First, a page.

A few years ago at a family Christmas celebration, I observed an episode which may turn out to be a simple foretaste of the Second Coming, and may focus for us the meaning of watchfulness. We were involved in a typical exchange of gifts. Four-year old Zachary had just received a gift from his parents which had to be assembled. All of us were waiting quietly for his reaction. The gift was a large wooden auto race set-up, the road joined like a toy train set. The road went along the straight-aways and curves and up and down hills. Zech was excited when he looked at the layout. Then he took one of the wooden cars, set it on a hill, watched it run down the hill and across the level roadway and up the other side, around a curve and back down again. Then he was more than excited. He was ecstatic. "Daddy, Daddy! Look at this! Look at this!" As the car proceeded along the track, his enthusiasm was unlimited. "Daddy! Look at this!" Again and again he repeated his request for the exhibition. I say to you, that boy had some good preparation for the Second Coming'

Watch! Someone's coming! Look at this! Be careful! Pay attention! Be prepared. Behold! See what God is doing! Look what is happening now! Get ready! And stay ready! You haven't seen anything yet! Keep awake! Be on the alert!

Watchfulness tells us also to keep looking for this to happen. Look at this! Don't miss what is happening, or what can happen in your life. Look! He is coming again. No one knows when. All the more reason to stay in touch with the life God calls you to live. So be ready. And wait. Advent is about Christmas, yes. Advent is even more than the coming again of Christ into your life and into our lives - whenever and however. Like getting ready for the Olympic Games, we want to know as much as we can ahead of time.

But we must be patient and wait, and be ready, when the flame is carried in from its journey across the world. We want to be sure not to miss the opening ceremonies. Along the way, we want to be in on all the stories and triumphs. And at the end we want to be there when victorious participants are awarded their medals.

Advent is a time of preparation which leads to the ultimate triumph. So we must wait. To wait is to stand between what has already happened and what is going to happen. You may wait a day. You may wait a year. You may wait a lifetime, a millennium, or some other part of eternity. There is not much that is easy about waiting, but sometimes that is all you can do. At the very least, you can learn something about patience. We must wait. He will come.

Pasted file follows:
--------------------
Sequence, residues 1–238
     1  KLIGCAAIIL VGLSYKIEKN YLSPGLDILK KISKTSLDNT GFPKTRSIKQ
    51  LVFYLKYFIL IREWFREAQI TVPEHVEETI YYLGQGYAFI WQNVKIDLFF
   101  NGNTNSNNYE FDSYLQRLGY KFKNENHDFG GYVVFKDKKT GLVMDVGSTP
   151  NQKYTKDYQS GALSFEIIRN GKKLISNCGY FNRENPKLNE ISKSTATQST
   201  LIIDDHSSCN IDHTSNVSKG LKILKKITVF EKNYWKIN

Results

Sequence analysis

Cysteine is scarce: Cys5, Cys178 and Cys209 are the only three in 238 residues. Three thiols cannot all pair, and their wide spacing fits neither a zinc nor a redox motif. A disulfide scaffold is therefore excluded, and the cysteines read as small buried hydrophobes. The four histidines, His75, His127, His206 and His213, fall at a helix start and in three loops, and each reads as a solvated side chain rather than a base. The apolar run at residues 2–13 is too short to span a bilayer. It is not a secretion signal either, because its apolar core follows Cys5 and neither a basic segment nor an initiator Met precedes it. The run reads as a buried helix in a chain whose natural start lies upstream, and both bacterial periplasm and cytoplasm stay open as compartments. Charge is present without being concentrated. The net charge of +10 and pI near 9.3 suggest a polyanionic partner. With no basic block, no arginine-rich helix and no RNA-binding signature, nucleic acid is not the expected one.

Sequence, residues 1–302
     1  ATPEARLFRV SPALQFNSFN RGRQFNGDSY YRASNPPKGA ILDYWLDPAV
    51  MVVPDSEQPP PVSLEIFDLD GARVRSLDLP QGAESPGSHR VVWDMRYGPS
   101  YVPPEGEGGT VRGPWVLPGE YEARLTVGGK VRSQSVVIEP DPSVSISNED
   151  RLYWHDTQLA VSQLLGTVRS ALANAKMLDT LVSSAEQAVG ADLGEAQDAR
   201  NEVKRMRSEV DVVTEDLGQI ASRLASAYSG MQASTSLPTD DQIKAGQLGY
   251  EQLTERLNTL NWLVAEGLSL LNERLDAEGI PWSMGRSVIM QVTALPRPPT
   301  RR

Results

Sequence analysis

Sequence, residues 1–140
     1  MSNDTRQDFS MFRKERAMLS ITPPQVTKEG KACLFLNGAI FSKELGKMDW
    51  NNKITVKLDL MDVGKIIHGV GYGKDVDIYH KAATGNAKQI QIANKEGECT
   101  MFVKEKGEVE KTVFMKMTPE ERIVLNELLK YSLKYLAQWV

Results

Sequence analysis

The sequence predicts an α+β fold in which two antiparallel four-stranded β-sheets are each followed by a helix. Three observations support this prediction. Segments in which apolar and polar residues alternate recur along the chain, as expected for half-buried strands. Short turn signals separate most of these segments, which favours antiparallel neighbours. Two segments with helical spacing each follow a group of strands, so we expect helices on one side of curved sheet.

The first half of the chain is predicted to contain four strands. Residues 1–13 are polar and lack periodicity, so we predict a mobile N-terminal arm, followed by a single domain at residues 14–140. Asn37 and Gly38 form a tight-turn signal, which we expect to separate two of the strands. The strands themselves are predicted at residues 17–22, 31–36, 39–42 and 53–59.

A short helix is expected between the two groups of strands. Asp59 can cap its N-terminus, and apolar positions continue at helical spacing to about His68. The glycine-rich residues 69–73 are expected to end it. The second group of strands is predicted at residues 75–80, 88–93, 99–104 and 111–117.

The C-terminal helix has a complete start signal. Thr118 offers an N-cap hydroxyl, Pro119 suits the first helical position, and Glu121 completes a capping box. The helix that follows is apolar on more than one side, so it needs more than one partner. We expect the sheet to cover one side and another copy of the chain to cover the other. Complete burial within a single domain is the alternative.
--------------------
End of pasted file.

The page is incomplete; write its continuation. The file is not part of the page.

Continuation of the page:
My oldest son didn't see it that way when he was about four. I was home on a Friday afternoon and stopped in the living room for a few minutes to watch TV with my son David. He had a favorite TV program, "Ruff-n-Ready" which he watched every week on Saturday. He said to me, "Dad, is Ruff-n-Ready on?" I had to tell him, "No Dave. Ruff-n-Ready comes on Saturday." "What day's today?" he wanted to know. "Today's Friday," I replied. He said, "If you don't say it's Saturday, I'm going to shoot you in the eye!" Apparently, he wasn't prepared to wait. (I got out of there as quickly as I could!)

We are wise to wait—even if we "just can't wait"! In fact, we have no choice. Since we must watch, we must also wait. If we accept this in hope and expectancy, we are ready to receive what Advent —every Advent—offers us: the gift of God's coming!

The summary word for "waiting" comes from Albert Schweitzer when he writes: "I tell you, don't let your hearts grow numb. Stay alert!"

We must wait. "Christ has died. Christ is risen. Christ will come again." What are we to do in the meantime? We are to do the will of God. In the long meantime, there is plenty to be done. There is even something beyond waiting that we can do. We are to work. Kahlil Gibran knows the Advent basis for work when he writes that "work is love made visible."

So it comes about that we are required by our faith to feed the hungry, heal the sick, welcome the stranger, house the homeless, give even the enemy a cup of cold water in Jesus' name. We are to love our neighbors and our enemies, even if our neighbor is our enemy. There is no shortage of work. There is only a shortage of workers. Therefore, we are also to find more workers.

It is said that Johanan, pupil of the noted Rabbi Hillel, advised his pupils, "If you are planting a tree, and you hear that the Messiah has come, finish planting the tree, then go and inquire." Even as we watch and wait, we must also work.

In the Advent season, we celebrate the coming of Christ, who invites us to Watch, to Wait, to Work. And then: Look at this!

Charles E. Gruenewald

Oakville, WA